Examples of effectively engaging youth in the co-design of interventions are available around the world: for example, Singapore’s national digital mental health programme, (see appendix for an overview).

In New Zealand, Youth One Stop Shops’v operate as community-based centres providing free or low-cost primary healthcare, mental health, and social development services to young people. Despite evidence of therapeutic benefits16, the One Stop Shops are sparsely located across Aotearoa, likely due to funding restraints and a lack of government support.17 Yet, the One Stop Shop model has the potential to closely align with what young New Zealanders ask for in mental health care - holistic, accessible spaces based in our communities with the flexibility to meet young people’s needs.18 International and local evidence offers us clear examples of how we can listen to young people’s voices in designing services, and the potential value of this approach.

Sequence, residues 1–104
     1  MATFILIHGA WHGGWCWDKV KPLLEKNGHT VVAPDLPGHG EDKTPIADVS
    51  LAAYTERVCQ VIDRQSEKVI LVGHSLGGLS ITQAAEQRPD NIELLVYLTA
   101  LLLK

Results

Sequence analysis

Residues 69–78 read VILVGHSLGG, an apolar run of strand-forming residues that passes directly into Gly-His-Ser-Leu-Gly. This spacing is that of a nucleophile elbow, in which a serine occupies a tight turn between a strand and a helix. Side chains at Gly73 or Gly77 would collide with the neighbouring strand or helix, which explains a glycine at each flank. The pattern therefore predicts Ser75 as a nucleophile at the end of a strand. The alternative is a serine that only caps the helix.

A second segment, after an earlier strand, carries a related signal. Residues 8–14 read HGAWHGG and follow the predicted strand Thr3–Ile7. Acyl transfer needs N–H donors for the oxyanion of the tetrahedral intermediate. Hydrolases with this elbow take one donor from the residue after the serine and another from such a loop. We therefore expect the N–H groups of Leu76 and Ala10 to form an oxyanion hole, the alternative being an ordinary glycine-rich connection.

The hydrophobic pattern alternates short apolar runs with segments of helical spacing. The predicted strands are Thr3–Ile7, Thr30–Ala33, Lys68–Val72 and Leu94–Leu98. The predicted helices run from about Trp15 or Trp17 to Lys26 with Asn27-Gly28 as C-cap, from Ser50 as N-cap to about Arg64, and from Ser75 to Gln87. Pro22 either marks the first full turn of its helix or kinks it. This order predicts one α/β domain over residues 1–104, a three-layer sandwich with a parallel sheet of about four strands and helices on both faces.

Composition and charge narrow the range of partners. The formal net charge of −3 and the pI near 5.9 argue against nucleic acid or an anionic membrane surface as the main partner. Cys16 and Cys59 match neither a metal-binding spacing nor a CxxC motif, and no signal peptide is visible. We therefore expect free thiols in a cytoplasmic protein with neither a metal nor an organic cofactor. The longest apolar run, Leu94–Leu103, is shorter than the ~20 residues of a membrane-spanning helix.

Actions that could be taken to address the crisis in youth mental health are:

  • An all of government response that allows for more cross-agency collaboration.19
  • Cross-party commitments to sustainable action.20
  • Taking action on issues young people ask for, such as - stronger action on climate change, reducing the financial burden on young adults, education on digital literacy, more youth-friendly trained clinicians, and youth-informed mental health services that are funded to meet the needs of the population.21

What this Briefing adds

  • New evidence shows that youth mental health is on the decline in New Zealand, and across the Western world.
  • Existing interventions are severely underfunded and are susceptible to government changes, stalling prevention efforts.

Implications for policy and practice

  • To ensure sustainable action, public mental health approaches must be implemented with multi-sector and inter-agency collaboration.
  • We need more youth input in the designing of mental health interventions, and more action on the socioeconomic issues that are putting pressure on young people.

Author details

Ronan Payinda, Chair, Public Health Association of New Zealand Youth Caucus, and Medical Student, University of Auckland. 

Dr Jessica Stubbing, Research fellow, Koi Tū: The Centre for Informed Futures, University of Auckland

Appendix: Singapore case study